The Thomas Fisher Rare Book Library feels like a shrine for the written word.
But John Shoesmith dismisses the idea.
“It’s not just here as a shrine. [The books] don’t come here to die,” said the outreach librarian. “It’s a working library.”
The Fisher, as it’s commonly called, is the largest rare book library in Canada and it’s open to the public. Situated within Robarts Library at the University of Toronto, over 700,000 volumes are available to anyone with a library card (which you can get with one piece of valid identification).
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But what makes a particular book rare?
According to Shoesmith, there are a few criteria: scarcity, the book’s association with a well-known person, its place within a larger collection and whether it’s a first edition.
Heavily annotated books belonging to famous Canadian communication theorist Marshall McLuhan and musician Leonard Cohen’s personal notebooks are just some of the books that are made rare by their association.
A common misconception is that an old book makes a book rare. And while the Fisher does have material even from before the time of Christ, he says modern books aren’t out of the norm.
“We would have books that would’ve been published last week, because we do collect modern Canadian fiction,” said Shoesmith. “We collect as many modern Canadian imprints as we can.”
Some modern Canadian manuscripts exclusive to the Fisher are the handwritten first drafts of Margaret Atwood’s novels The Handmaid’s Tale and Cat’s Eye.
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But even with the rarity of their materials, the library’s rules do not enforce the glove-wearing stereotype. They just ask that you have clean hands before touching the books.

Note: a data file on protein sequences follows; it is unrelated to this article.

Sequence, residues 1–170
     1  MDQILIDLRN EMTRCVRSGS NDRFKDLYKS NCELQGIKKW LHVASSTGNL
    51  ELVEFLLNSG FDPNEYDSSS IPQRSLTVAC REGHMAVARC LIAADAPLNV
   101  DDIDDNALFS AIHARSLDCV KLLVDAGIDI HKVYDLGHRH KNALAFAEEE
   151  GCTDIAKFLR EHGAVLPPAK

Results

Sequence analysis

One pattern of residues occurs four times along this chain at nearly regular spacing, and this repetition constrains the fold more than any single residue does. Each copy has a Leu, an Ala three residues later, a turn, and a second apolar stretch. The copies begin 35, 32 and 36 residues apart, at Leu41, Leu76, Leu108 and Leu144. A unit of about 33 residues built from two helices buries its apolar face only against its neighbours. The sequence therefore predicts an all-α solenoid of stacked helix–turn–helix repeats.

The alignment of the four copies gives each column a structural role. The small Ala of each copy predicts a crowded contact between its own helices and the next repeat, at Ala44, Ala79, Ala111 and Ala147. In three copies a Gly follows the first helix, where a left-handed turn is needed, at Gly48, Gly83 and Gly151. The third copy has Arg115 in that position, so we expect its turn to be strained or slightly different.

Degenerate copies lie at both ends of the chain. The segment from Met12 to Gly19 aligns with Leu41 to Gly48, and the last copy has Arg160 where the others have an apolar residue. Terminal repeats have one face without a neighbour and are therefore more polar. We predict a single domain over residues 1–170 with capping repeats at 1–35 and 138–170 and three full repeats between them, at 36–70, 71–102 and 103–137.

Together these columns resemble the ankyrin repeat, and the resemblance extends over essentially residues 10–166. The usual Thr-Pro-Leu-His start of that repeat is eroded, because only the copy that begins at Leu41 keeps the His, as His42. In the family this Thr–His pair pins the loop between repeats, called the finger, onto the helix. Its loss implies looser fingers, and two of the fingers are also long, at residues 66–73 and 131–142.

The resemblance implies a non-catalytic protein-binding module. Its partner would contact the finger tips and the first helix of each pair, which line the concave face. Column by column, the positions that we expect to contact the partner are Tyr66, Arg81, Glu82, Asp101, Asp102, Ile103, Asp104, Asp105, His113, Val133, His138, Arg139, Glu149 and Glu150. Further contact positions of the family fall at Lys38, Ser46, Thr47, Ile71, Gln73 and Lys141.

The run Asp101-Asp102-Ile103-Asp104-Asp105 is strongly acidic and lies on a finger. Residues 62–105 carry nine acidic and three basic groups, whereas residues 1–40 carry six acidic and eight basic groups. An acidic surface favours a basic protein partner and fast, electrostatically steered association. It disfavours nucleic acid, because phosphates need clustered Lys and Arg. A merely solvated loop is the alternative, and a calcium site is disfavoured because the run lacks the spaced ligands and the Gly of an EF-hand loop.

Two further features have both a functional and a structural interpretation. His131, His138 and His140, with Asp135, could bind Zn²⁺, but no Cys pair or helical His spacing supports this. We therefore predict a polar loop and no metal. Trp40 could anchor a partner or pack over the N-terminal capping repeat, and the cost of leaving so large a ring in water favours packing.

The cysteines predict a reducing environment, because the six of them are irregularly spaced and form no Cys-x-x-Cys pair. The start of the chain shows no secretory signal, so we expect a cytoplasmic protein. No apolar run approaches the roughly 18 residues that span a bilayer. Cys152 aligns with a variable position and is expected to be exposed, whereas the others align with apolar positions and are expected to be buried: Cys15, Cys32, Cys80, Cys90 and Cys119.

Shoesmith explained that they discovered when patrons wore gloves, they were less careful, putting the materials at greater risk of damage. Second, the library strongly believes the materiality and the tactility of the books is what adds to their value to the researcher.
“Having a book on a shelf looks nice and looks great in the stacks but if you can’t take the book off the shelf and look at it yourself then it has no value,” he said.
For the librarian, the collection is priceless.
“There are some things that could never be replaced,” he said.
Placing a price on their collection is something the library shies away from, opting to focus on the research value of the materials. But one of their most important books can be pegged at somewhere around the $5 million mark.
The only copy of William Shakespeare’s first folio in Canada is currently on display at the Fisher and is one of only 230 copies in the world. One “near-perfect” copy in the U.K. sold in 2006 for £2.8 million.
“We could easily argue if it wasn’t for publication of the 1623 first folio we would not have had MacBeth, As You Like It — all of these great plays would have been probably lost to history,” said Shoesmith.
“I always argue that that book is the foundation of English literature and along with the King James Bible is probably the most important book ever published in the English language.”
From Shoesmith’s perspective, the Fisher is an argument for the enduring importance of books.
“People always talk about, ‘Let’s digitize everything and get rid of books,’” he said. “It’s never going to happen simply because each book is going to tell a story and having a digital copy of the book is not going to tell the same story in terms of what it is from a material point of view, from what the pages might hold. That’s the real value of having a library like this.”